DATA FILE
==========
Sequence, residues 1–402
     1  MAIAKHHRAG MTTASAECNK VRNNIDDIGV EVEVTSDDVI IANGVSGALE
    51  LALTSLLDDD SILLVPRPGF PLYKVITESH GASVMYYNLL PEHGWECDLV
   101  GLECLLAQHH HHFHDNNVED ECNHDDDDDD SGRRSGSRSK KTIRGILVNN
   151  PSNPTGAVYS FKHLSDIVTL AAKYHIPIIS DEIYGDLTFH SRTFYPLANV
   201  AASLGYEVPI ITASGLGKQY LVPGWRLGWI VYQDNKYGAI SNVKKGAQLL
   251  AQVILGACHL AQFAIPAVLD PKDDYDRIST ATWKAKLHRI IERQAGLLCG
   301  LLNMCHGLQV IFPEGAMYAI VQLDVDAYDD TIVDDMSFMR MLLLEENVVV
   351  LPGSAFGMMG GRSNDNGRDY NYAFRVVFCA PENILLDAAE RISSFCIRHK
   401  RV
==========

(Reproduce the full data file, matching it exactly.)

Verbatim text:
Sequence, residues 1–402
     1  MAIAKHHRAG MTTASAECNK VRNNIDDIGV EVEVTSDDVI IANGVSGALE
    51  LALTSLLDDD SILLVPRPGF PLYKVITESH GASVMYYNLL PEHGWECDLV
   101  GLECLLAQHH HHFHDNNVED ECNHDDDDDD SGRRSGSRSK KTIRGILVNN
   151  PSNPTGAVYS FKHLSDIVTL AAKYHIPIIS DEIYGDLTFH SRTFYPLANV
   201  AASLGYEVPI ITASGLGKQY LVPGWRLGWI VYQDNKYGAI SNVKKGAQLL
   251  AQVILGACHL AQFAIPAVLD PKDDYDRIST ATWKAKLHRI IERQAGLLCG
   301  LLNMCHGLQV IFPEGAMYAI VQLDVDAYDD TIVDDMSFMR MLLLEENVVV
   351  LPGSAFGMMG GRSNDNGRDY NYAFRVVFCA PENILLDAAE RISSFCIRHK
   401  RV